I’ll let David speak for himself, but what I think he was talking about was an approach. Urging marketers not to write about speeds and feeds and technical features and functions.  He was talking about writing for your audience – your customers.

But what do you think consumers want from brands if it isn’t information about their products and services?  Consumers want deals.  They want information about how products and services solve problems, improve their lives, simplify the complicated, save them money, amuse and entertain them and make them look smart, hip and fashionable.

So tell them how your products and services can do this for them in creative and interesting ways.  Otherwise, they really don’t hear from you.

So what is your opinion on these myths? Do you agree or disagree?

Links:

5 Reasons Why Brands Should Outsource Social Media

ReadWriteWeb post “How the Old Spice Videos Are Being Made”

Kevin Green’s post “Why Marketers Shouldn’t Blog”

David Meerman Scott’s post “Nobody Cares About Your Products and Services (Except You)”

Photo by Kevin Walsh (via Flickr)

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2 Responses to “Dispelling 3 Prevailing Myths about Social Media”

  1. George,

    David Meerman Scott and I are saying essentially the same thing. While everyone can and should participate in social media, many marketers are focused solely on product language and specs and news. I use the term SOLELY because they don’t discuss anything else or understand the needs of their audience.

    Additionally, the points you suggest below are EXACTLY what I wrote in my recent post. Marketers need to understand if they, as an individual, are the best person to represent the brand around specific topics. In many cases, the customer service department or internal thought leaders may have a greater impact and it would be beneficial to support them in their initiatives (By creating videos, blog platforms, templates, etc.) and training them to participate appropriately on behalf of the brand.

    As discussed at a recent conference, brands can’t afford to wait for Marketing and Comms to always approve the response to consumer issues (http://t.co/1andHsL). While “Talking to customers and prospects is the purpose of the marketing department,” hasn’t social media enabled all employees to do the same thing?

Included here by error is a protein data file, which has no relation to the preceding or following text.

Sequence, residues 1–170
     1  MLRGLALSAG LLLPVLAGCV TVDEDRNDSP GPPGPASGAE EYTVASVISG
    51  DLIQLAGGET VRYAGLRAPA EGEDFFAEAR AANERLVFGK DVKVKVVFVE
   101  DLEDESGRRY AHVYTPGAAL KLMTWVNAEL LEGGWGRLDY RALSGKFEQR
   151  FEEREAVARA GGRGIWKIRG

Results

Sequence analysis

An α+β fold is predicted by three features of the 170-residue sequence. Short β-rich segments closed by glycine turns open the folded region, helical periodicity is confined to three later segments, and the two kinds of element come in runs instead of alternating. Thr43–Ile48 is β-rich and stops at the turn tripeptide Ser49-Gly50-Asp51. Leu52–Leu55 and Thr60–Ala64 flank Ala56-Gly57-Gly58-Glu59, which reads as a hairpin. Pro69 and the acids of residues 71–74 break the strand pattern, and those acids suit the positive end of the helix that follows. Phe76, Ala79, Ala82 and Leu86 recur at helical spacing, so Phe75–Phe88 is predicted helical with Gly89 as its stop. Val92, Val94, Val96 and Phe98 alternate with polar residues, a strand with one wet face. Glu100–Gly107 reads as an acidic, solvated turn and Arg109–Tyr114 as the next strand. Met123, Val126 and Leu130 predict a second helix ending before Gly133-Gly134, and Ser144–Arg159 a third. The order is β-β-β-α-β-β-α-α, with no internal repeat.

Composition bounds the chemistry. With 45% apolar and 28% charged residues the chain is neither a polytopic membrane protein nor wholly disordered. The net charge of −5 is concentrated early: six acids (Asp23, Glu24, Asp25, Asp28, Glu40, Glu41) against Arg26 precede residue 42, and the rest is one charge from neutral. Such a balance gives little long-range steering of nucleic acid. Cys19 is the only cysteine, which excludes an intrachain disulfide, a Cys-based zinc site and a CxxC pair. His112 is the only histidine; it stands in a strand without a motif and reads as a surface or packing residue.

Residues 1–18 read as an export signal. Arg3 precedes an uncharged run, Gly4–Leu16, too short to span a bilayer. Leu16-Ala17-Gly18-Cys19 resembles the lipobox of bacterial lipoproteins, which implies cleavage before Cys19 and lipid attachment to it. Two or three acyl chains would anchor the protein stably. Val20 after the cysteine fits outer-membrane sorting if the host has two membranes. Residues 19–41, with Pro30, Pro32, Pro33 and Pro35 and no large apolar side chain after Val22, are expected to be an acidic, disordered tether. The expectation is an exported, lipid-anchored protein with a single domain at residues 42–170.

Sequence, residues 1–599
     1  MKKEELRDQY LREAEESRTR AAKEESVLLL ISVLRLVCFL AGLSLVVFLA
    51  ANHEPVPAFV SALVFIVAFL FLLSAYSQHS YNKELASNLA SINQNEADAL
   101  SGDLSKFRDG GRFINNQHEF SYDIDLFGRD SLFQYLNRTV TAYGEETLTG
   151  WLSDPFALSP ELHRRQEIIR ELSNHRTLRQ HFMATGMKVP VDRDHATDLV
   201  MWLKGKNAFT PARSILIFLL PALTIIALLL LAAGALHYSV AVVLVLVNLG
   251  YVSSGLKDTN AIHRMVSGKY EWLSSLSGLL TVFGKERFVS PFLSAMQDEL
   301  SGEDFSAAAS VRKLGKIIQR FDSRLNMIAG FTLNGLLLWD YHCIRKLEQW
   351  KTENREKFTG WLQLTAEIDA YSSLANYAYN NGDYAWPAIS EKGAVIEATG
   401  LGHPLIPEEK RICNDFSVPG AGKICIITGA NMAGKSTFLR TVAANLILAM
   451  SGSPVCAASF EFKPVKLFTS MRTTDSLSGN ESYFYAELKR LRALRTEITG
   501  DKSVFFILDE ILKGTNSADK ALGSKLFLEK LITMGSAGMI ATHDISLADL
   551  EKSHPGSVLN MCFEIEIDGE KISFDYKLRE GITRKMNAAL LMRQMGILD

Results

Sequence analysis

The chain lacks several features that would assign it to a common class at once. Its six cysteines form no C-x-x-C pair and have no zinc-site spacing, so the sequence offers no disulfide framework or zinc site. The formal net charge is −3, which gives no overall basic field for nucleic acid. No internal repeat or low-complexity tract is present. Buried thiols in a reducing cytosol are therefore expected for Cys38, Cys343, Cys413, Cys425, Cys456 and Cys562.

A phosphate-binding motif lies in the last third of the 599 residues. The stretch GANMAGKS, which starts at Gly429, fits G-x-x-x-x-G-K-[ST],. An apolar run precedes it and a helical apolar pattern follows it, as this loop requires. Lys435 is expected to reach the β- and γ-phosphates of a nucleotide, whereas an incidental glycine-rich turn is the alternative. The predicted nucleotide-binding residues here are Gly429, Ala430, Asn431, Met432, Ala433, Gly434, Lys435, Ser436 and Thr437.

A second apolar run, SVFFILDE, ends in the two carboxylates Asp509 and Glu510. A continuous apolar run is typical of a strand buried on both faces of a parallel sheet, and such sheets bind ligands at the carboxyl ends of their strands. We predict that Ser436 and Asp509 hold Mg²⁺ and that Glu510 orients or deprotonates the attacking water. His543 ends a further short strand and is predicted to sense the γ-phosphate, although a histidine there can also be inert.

I think you misunderstood my comments and I recommend you read it again with a little bit more objectivity. The whole premise is that marketers should recognize the strengths of all within the organization and develop strategies to support those activities.

    Many brands recognize the value of their people. They support thought leadership and realize there is a benefit to exposing these folks based on their expertise and knowledge.

    I agree that Myth #2 is in fact a Myth. Social Media should heavily involve the marketing and communications teams… they understand the marketplace better than almost anyone in the organization. However, sometimes the best role the marketing and communications team can play is a supporting role.

  2. Hi Kevin:
    Thanks for your comments and clarifications on your blog post.

    You should add some of that to the original post because that’s not exactly what it says. You wrote several times that marketers can’t be trusted and have come to the point where they no longer “say” anything. You also note that a marketer shouldn’t blog and is better served as orchestrator of social media.

    That doesn’t exactly gibe with what you are saying now. I disagree that marketers can’t be more than facilitators and, in fact, can be the best content creators within an organization.

    But I’m happy to see you shifting to my way of thinking!